The commoner. (Lincoln, Neb.) 1901-1923, December 01, 1916, Page 13, Image 13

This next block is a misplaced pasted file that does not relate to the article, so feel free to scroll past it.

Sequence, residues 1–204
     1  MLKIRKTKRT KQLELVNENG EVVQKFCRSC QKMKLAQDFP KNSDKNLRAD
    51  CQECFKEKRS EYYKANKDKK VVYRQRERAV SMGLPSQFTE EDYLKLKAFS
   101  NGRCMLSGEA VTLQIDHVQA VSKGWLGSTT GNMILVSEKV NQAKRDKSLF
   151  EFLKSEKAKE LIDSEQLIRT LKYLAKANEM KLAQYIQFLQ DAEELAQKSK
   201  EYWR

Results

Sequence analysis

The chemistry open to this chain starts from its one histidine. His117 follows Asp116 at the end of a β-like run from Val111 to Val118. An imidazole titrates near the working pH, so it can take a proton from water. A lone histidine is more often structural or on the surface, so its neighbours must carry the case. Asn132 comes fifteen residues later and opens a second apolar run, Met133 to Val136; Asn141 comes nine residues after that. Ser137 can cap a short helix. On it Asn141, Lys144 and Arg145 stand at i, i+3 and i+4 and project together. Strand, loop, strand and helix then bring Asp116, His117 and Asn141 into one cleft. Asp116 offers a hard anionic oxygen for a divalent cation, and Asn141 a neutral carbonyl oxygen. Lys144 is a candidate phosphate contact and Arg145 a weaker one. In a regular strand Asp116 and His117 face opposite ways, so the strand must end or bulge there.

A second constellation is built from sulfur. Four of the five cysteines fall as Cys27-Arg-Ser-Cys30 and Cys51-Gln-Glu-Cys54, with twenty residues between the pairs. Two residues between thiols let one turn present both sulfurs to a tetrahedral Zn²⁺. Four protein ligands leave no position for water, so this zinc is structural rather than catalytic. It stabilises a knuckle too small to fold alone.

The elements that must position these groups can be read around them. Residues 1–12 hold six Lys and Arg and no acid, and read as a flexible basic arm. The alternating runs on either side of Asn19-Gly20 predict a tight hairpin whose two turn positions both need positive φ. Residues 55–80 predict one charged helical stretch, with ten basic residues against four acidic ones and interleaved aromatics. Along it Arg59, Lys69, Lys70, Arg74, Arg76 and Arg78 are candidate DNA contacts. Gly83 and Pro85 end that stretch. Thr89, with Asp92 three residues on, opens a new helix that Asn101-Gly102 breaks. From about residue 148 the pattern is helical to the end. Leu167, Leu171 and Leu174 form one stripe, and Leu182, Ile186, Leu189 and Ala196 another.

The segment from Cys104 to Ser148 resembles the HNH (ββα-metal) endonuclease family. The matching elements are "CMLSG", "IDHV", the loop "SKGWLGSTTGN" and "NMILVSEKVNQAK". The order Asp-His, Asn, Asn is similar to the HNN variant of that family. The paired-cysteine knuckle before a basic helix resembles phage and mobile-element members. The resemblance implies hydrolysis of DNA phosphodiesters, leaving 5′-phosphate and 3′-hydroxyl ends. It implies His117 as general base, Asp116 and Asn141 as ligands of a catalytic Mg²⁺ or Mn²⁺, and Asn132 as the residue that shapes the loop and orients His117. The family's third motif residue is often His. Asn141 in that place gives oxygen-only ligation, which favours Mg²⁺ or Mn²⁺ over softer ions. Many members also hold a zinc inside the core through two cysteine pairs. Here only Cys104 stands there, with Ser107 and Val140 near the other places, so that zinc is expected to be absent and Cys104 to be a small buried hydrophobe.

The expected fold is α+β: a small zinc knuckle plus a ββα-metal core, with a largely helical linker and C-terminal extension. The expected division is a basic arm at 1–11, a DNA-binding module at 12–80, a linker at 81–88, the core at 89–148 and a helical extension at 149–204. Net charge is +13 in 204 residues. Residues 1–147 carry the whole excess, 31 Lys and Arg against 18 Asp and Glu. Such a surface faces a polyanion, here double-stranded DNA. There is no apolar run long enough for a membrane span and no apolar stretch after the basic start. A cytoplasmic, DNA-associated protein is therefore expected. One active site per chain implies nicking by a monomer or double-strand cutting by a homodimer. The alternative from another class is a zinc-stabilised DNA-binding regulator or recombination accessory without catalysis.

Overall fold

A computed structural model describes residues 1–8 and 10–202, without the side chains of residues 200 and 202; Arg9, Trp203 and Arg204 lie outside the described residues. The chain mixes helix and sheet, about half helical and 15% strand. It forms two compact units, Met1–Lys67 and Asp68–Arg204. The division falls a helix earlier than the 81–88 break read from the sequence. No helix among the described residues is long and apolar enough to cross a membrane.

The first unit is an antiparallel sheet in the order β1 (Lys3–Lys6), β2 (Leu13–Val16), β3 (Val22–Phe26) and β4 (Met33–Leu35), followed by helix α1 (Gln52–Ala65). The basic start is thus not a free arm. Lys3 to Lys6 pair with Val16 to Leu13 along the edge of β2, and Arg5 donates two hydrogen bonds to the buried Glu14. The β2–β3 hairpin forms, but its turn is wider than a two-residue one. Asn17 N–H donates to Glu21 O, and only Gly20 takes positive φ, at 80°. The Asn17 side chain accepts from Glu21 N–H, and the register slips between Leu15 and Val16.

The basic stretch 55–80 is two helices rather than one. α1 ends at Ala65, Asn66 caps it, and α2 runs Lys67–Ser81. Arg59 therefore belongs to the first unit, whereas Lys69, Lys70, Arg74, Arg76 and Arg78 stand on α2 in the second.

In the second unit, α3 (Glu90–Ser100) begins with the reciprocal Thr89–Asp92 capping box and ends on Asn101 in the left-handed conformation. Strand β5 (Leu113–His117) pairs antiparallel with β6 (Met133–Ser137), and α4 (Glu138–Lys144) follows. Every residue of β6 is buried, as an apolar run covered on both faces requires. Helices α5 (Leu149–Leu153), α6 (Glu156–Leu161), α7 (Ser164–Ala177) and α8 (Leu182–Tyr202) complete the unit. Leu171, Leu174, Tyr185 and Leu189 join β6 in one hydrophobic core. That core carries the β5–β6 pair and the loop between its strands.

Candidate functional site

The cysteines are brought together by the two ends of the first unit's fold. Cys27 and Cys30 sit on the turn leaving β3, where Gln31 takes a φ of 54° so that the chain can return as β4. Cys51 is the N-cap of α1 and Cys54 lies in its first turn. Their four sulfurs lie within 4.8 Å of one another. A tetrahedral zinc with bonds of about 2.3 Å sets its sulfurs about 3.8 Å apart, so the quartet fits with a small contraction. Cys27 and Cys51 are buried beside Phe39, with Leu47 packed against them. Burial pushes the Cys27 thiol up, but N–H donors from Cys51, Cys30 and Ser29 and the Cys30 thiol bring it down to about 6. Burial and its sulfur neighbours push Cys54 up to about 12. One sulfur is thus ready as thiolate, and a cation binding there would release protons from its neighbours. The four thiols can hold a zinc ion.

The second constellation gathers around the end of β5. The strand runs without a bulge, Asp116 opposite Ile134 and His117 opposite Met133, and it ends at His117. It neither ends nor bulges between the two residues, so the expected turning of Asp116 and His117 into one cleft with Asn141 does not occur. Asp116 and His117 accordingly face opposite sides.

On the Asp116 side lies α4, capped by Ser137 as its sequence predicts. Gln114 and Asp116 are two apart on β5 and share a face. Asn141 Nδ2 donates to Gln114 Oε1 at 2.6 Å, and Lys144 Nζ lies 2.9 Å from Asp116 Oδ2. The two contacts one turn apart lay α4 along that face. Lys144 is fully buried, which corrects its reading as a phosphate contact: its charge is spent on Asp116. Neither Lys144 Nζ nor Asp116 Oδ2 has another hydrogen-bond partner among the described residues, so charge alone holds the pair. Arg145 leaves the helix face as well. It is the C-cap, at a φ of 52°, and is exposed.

r t Tfm T ! f The Commoner DECEMBER, 1916. 13 wlB5P!wwraJWPfr, ' m' "" dry democrats, it is within the range of possi bility that he may bo in position of control aa to nomination and platform. Should such prove to bo the case, the candidate will bo William J. Bryan, and the platform will be nation-wide prohibition, with woman suffrage and some oth er reform questions to keep it company. Bryan's light to put tke democratic party right is the most formidable and menacing factor the republicans have to face. With the democratic party standing for prohibition in 1920, and the republican party committed to the saloon, the latter will be hopelessly beaten. If the liquor forces, early become convinced that Bryan is going to win in the democratic party, they will go pell mell to the republicans In order to make sure of controlling that or ganization. Therein lies danger for the repub licans. As a saloon organization, the repuo lican party would be doomed to defeat. Mr. Bryan has taken a long look into the fu ture. He has been preparing, for years, for the thing he is now doing. The liquor traffic hates and fears him and will have more reason for doing so. Success to him. Stewart, in National Enquirer. WHY WILSON WON A new sectionalism, a political revolution, a new era'in American politics these are some of the phrases used by the eastern observers in dis cussing the dramatic reversal of the election ver dict by western votes after the loss of the great pivotal eastern states had led virtually every morning paper in the Union to announce Pres ident Wilson's defeat. The result reveals "a new political alignment," and "this is the tremend ous fact of the election," declares the progressive Philadelphia North American. "The scepter of power is passing to the west in conjunction with the south and southwest," sajrs the independent New York Evening Post; and it adds: "Mr. Wil son has shown us all that we must roll up our political maps and make one entirely new." For half a century, as one editor remarks, "New York, New Jersey, Connecticut, Illinois, and Indiana had been the United States in. a na tional election." But now, says the democratic New York World, "the cash-register patriotism of New York has been spat upon by a virile west that is keeping the faith of the fathers," and this means "the beginning of a new political era." What might perhaps be interpreted as a courteous western expression of this same view reaches us from Minnesota in the statement of the editor of the Duluth Herald (ind.) that the unexpectedly large Wilson vote in that state "represents, in a way, the west's declaration of independence of the political and financial con trol of the east." "Wall street may have a mort gage on the effete east," telegraphs the secretary of the Woodrow Wilson Independent league of California to a New York newspaper, "but the west does its own thinking." Many will recall Mr. Bryan's dream that the west would some day decide' a presidential election, and one New York paper reminds us, "in the interest ol ac curacy," that "aside from the south, the WHson majorities come mainly from the territory in which Mr. Bryan did his campaigning for Wilson this year." This campaigning, of which only the faintest echoes reached us in the east, took Mr. Bryan through nineteen states in eight weeks, during which time he made four or five speeches a day, always driving home these two ideas: That the government should not be turned over to the reactionaries who were repudiated by the progressive element of their own party in 1912; and that the President should not be re buked for keeping the country out of war with Mexico and Europe. Literary Digest. MR. BRYAN'S PURPOSE FOR DEMOCRACY From The Springfield Republican. That Mr. Bryan remains a factor in politics to he reckoned with the election has demon strated. The grievance which eastern news Papers and particularly those of New York city, have maintained against William Jennings Bry an is that he refuses to stay dead after being declared defunct and buried. So it has been in "le past, and now is. A dispatch from Omaha reports Mr. Bryan as having dismantled his winter home and shipped a portion of the furniture to his winter iiome in Florida., whihrhis large library is being sent to Asheville, N. C, where it is said "he will live and vote." Home critics of Nebraska's distinguished citizen intimato that Mr. Bryan's waning political influenco in his own state leads him to depart for other political pastures, in the hope of securing tho prohibition presidential nomination four years hence. Mr. Bryan's an swer is that ho will continue to do his voting at Lincoln, Nebraska. All this has- Its Interest, es pecially as revealing human naturo as Mr. Bry an's opponents have always exhibited it. Mr. Bryan is still a democrat, but ho was not "still" during the campaign after tho David B. Hill pattern. Ho spoke in nearly a scoro of states- in Now Mexico, Arizona, Nevada, Utah, Wyoming, Montana, North Dakota, Iowa, Kan sas, Oklahoma, Colorado, Missouri, Tennessee, Kentucky, Michigan, Wisconsin, Illinois and Ne braska but ho did not speak In Idaho, South Dakota, Minnesota or Indiana, as has been stated. All but four of tho eighteen states which heard Mr. Bryan went for Wilson. Tho east paid no heed to tho former secretary of state as he covered tho territory whore ho was most at home, albeit an occasional voluntary letter to the newspapers told of tho great audiences he was talking to and the enthusiasm aroused by his appeals. When the story of this election is told, Mr. Bryan must be given a larger measure of credit that eastern people have realized be longed to him. As a matter of history a sort of supplement to his resignation from tho cab inet tho dispatch which Mr. Bryan sent to President Wilson three days after election is worth giving: "The returns are now so nearly complete that I shall not longer deny myself the pleasure of extending to you heartiest congratulations upon your re-eloction and earnest good wishes for the success of your second term. Am proud of tho west including Nebraska. The states beyond the Missouri have rallied to. your support and saved the day, and in doing so have honored themselves no less than you. They have been largely benefited by the great reforms enacted under your leadership, and they stand with you for peace, prosperity and progress." Mr. Bryan will never be president of the United States, but tho democracy will benefli i'y his attachment to it as a moral force calculating to pull against other forces operating on a lowor level. Mr. Bryan tells the National Woman's Christian Temperance Union that ho is "in pol itics with both feet." What for? To drive the saloon out of the United States; "for this," ho says in his Commoner newspaper, "Is the great moral issue of this generation, and the demo cratic party is the party to lead tho fight in tho nation." Stranger things than tho success of Mr. Bryan in this effort to revolutionize his party haye happened in American politics. If tho democracy under its present leadership shall be able to bind to itself the firm backing of the people of the states,, whence its success came in this election, the old democratic party will be well on the way toward sucb transformation as Mr. Bryan hopes for. MR. BRYAN AS A MAKER AND MAINTALNER OF PRESIDENTS We desire to commend to those democrats in Indiana, who were so afraid to let William Jen nings Bryan come Into the state, that they take note of the fact that it Is the west, where Mr. Bryan did his campaigning, that brought to democracy its national victory. Of course, you may never have heard of it. The Commoner was literally boycotted by both the Associated Press and International News services employed in South Bend, and not a word of his speeches or his tours came over the regular news wires, although he put in all of October, practically al together in the west, and with seemingly telling effect. Yes, Mr. Bryan was literally.boycotted on this tour by the press associations. They fell out with him when he quit the state department. His pacifism seemed not to jibe, somehow, with the popular militarism that was sweeping the country at the time and for misconstruction and garbling of his public utterances, he took them to task. They started out accordingly, to wipe Mr Bryan out of the public mind, if possible,, and doubting the efficacy of further misrepre senting, they seemingly adopted tho policy of Ignoring him. Bryan, however, stumped the western states, and with practically the only publicity given to his speeches beyond that of his voice, being that of local newspapers in the cities that ho visited; well, it was thoso local ities that saved tho day for democracy whether on nccount of him, or in spito of him, wo do not know, But truth, and truth only, Is otornal and dom inating, incident to which wo would add, dem ocracy itsolf needs to tako notico, as well as the public at largo. Wo commend tho Idea to our democratic state central committee, so fearful of Mr. Bryan, and tho truths that ho always dl somlnatcs, evidently quite acceptable to the masBOB as indicated by tho voto out west. Take off your hat to Mr. Bryan, democrats. Oh yo, ho quit tho cabinet In a huff, and ho criticised tho President on points of war, but bo was Amer ican first of all, and democrat second, and no doubt contributed of personal Influence n much as any ono man aside from tho President hlm solf, to that same President's re-election. Mr. Bryan nominated Mr. Wilson at Balti more, in 1912, nnd ho, in all probability, de livered to him tho electoral votes of Nebraska, California, Kansas, Washington, Montana, Utah, North Dakota, New Mexico and Wyomingquite essential to his choico, in 19 1G. South Bend (Ind.) News-Times. THE CAMPAIGN OF 1020 Tho clouds of tho political horizon ara today, tinged with a dlfforoiit hue than over before, and the chances are that the alignment for tho presidential contest in 1920 will knock most of' the old-time politicians clear off the political checkerboard. At this time thorq appears to bo little doubt but what the "paramount" issue In the next national campaign will be the liquor question. It then follows that the men who will lead tho who have long ago enllHted In tho great cause, who havo long ago enlisted In tho grat cause, and havo been at the head of the smaller armies In the various state campaigns that have resulted in the elimination of the saloon from one-half of tho Union. President Wilson will, not bo available in 1920, and tho democratic- party will havo to se lect another candidate ono who has an un blemished record on tho question of prohibition. The man will likely bo Bryan, W. J. Bryan, WJ1 Ilam Jennings Bryan of Nebraska and Florida, the mcfn who has thrice fallen In such contests, but who arose stronger and more optimistic after the ballots had been counted. Mr. Bryan has always been strong In the west and with that section of the country In tho dry column, and, coupled with the Impregnable democratic south, which has long been mostly dry, he would cer tainly bo a very formidable competitor for tho great honor which he has been seeking for tho past twenty years. No man has ever appeared In the political life of this nation against whom has been arrayed such powerful opposition as has been constantly directed at Mr. Bryan. In 1890, tho republican national committee spent the enormous sum of $16,000,000 to defeat the Commoner, and more than $9,000,000 four years later. All of the big interests of the country have always been hostile to his candidacy, including about all of tho larger newspapers; and through it all the Nebraskan has remained serene and composed, and retains his popularity with tho people. The states in which Mr. Bryan campaigned this year showed big Wilson pluralities, and hl work for the dry cause was undoubtedly a big factor In adding four stars to tho prohibition flag. Huntington Beach (Cal.) News. MR. BRYAN DELIVERED THE GOODS Mr. Bryan devoted his speeches during th campaign to fifteen states In the west, mostly where women vote and states that wore dry or held elections on the liquor question. His own state went dry by 29,442. In 1912 it was his power of mind and voice that made President Wilson's nomination pos sible. In 1916 the states in which he spok made possible President Wilson's re-election. Former President Roor$velt also campaigned Ija these same states which were progressive and t where he was popular as a rancher and rough rider years ago, but Mr. Brya-i's appeals .de livered the votes which insured President Wil son's re-election. The two leaders now visible for 1920 nip ihtffifT' f- . 4.